Union Health Minister Mansukh Mandaviya on Tuesday said India is willing to offer its robust vaccine manufacturing industry for developing vaccines for BRICS (Brazil, Russia, India, China and South Africa) countries as well as the world.
“India has one of the world’s largest vaccine manufacturing industries which supplies vaccines to more than 150 countries and meets 65-70 per cent of the WHO’s vaccine requirements,” he said.
Mandaviya launched the BRICS Vaccine R&D Centre and Workshop on Vaccine Cooperation through video-conference here.
With the commitment of BRICS countries towards strengthening their cooperation in various fields, special emphasis was given to vaccine research and development.
In this regard, a BRICS Vaccine R&D Centre was proposed to be established in 2018 Johannesburg Declaration.
Over the years and especially throughout the pandemic, this process was expedited and finally in New Delhi, Declaration of XIII BRICS Summit, leaders reiterated their commitment towards the early launch of BRICS Vaccine R&D Centre in virtual format.
Mandaviya said that the Centre will help to pool together complementary advantages of BRICS countries in vaccine research and development and boost the capacity of BRICS countries to prevent and control infectious diseases and provide timely help to other developing countries in need.
“The Centre will be instrumental in streamlining vaccination resources and facilitate equitable access to safe and efficacious Covid-19 vaccines,” said Mandaviya.
“BRICS Vaccine R&D Centre is a welcome initiative to collaborate with countries, share experiences, build collaborations for mutual benefits and accelerate development of vaccine of public health importance. This will enable saving lives and livelihood to propel us towards economic recovery for the citizens of BRICS countries and the world,” he added.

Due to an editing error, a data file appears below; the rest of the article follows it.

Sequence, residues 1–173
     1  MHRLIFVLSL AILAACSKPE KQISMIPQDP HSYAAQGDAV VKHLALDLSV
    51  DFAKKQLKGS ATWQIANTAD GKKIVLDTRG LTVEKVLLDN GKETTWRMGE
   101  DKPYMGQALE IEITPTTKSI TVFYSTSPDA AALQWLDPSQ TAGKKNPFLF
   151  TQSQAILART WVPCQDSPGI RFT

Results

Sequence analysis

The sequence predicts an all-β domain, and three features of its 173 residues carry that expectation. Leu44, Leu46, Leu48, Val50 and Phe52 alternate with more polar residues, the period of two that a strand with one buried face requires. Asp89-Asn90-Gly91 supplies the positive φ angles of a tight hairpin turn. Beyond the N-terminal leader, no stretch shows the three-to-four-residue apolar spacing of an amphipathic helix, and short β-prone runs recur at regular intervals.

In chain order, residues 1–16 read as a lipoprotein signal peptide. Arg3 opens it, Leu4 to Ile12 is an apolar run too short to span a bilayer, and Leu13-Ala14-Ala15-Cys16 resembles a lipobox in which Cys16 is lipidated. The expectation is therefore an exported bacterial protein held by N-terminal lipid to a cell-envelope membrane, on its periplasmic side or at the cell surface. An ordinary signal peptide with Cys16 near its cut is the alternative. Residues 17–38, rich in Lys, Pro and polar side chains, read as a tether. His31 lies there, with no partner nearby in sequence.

Mandaviya said that WHO’s R&D blueprint and International Health Regulations should be the guiding principles for this centre, and further proposed that “BRICS countries should work together to support endeavours such as ACT-A, COVAX, CEPI, etc., to achieve the WHO’s laid target of vaccinating 70 per cent of the world’s population with Covid-19 vaccines by mid-2022”.
The minister also added that apart from pandemic and health emergencies, there is an ample scope of collaboration among countries like in the field of vaccine preventable diseases with high morbidity and mortality and for those diseases with no vaccines available currently such as AIDS, TB, etc.
“India has also so far approved 9 vaccines for Covid-19 emergency use, of which 5 are indigenous. This also involves world’s first of a kind mRNA vaccine Gennova that has been developed indigenously, and produced outside WHO transfer technology programme.”
He said that the vaccine industry in India functions in a dual mode — De-novo product development i.e., within the country and technology transfer through local-global partnership.